False claim: baking soda and lemon juice can help prevent coronavirus infection

A post on social media suggests that drinking sodium bicarbonate and lemon juice reduces the acidity of the body and the risk of getting infected with COVID-19. The post, which also claims “Coronavirus mutates and multiplies in the body through acid cells”, has over 34 shares on Facebook as of March 6, 2020. An example can be seen here .

Reuters could not find any evidence that suggests the consumption of sodium bicarbonate (baking soda) or lemon help prevent COVID-19 infection. According to the World Health Organization (WHO) there is no specific cure yet for the new coronavirus. “There are no specific treatments for COVID-19 and treatment is based on clinical presentation. Most cases are mild and self-limiting, and treated symptomatically”, a WHO spokesperson told Reuters.

The full claim reads:

“Due to the rising issue of coronavirus it’s been found that coronavirus mutates & multiplies in the body through acid cells, in simple form, if you have too much acid cells in your body you are more likely to be infected by coronavirus & if you have less acid cells you stand less chance of being infected, & we know that bicarbonate of soda reduces acid cells in the body, so in order to clear yourself of acid cells, drink a small amount of the mixture of water & bicarbonate of soda, just take 1 or even half spoon of it & pour it into your water dispenser or drinking bottle just to keep your acid cells at a minimum level. Stay safe.

For another alternative lemon juice of lemons themselves can help reduce acid cells. Now that you know, it’s your duty to tell the next person you talk about it.


This false claim could have surged from the theory shared online that “alkalizing” diets help prevent cancer. This theory is based on the idea that cancer cells thrive in highly acidic environments, meaning that an alkaline diet could help prevent the disease. This theory has been denied by experts in the field like the American Institute for Cancer Research. The institute says, “The studies finding that cancer cells thrive in an acidic environment were done in a laboratory setting.

It would be nearly impossible to alter the cell environment to create a less-acidic environment in our bodies. For example, the stomach is very acidic for proper digestion, so we wouldn’t want it more alkaline.” They go on to mention that healthy vegetable and fruit rich diets can help cancer treatment, but rather because of their vitamins and minerals as opposed to them being alkaline foods.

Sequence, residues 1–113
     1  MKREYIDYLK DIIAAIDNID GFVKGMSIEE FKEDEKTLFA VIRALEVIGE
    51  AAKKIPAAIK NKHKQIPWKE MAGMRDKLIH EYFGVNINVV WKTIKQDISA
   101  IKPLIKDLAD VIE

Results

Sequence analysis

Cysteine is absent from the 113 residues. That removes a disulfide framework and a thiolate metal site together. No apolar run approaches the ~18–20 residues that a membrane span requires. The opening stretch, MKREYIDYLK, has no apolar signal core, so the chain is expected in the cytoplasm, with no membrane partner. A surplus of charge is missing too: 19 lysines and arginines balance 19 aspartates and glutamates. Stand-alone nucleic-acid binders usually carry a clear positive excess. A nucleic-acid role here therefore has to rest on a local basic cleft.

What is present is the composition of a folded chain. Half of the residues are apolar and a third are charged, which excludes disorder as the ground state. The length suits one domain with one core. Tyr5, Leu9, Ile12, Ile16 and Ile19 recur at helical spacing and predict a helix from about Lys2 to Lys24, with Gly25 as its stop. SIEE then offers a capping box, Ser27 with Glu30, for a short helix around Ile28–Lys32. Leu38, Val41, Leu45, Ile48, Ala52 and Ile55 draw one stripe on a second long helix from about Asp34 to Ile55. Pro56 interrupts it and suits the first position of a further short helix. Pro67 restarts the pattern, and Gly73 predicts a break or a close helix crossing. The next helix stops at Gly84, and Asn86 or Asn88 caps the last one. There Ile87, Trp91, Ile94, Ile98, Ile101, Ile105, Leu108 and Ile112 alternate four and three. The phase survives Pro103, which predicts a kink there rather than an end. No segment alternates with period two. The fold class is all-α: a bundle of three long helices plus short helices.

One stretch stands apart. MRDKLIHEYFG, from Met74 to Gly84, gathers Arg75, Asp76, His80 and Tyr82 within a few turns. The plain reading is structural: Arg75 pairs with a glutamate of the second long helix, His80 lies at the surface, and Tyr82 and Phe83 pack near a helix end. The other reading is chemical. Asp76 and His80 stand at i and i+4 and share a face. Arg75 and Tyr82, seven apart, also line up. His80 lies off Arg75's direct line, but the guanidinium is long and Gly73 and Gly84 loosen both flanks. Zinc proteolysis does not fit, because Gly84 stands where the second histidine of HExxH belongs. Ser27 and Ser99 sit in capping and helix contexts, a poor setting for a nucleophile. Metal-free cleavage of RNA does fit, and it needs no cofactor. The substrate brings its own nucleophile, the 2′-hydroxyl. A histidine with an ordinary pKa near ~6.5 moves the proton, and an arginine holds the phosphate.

The University of Texas MD Anderson Cancer Center points out that while an alkaline diet could reinforce healthy eating, dietary modifications will not change the acidity of the human body. “More importantly, there’s no way the foods you consume can alter the pH levels of your blood. The pH of the body is a tightly regulated. If you change your diet you may see changes in the pH of your saliva or urine because these are waste products, but there’s no way you could ever eat enough alkaline food that it impacts your blood.”

University of California San Diego shares on its health site: “Again, the alkaline diet recommends consuming mostly fruits and vegetables, which is a pattern of eating recommended for preventing cancer. However, these recommendations aren’t based on the acidity or alkalinity of the foods but rather the fact that these foods are rich in vitamins, minerals, phytonutrients and fiber.”

Read more on cancer and the alkaline diet here ; here ; here and here )

To protect ourselves from the new coronavirus, the WHO recommends that people frequently wash their hands, cover their mouth and nose when sneezing or coughing, and avoid close contact with those who are sick. (See the WHO’s advice for the public here and a Reuters video on how to protect against COVID-19 here ).

There is no published, medical proof that drinking sodium bicarbonate and lemon juice could help prevent the new coronavirus. According to the WHO there is no specific treatment for COVID-19. Experts confirm that dietary changes will not affect the acidity of the human body.


False: Drinking bicarbonate of soda or lemon juice does not reduce the acidity of the body, nor does it help protect against COVID-19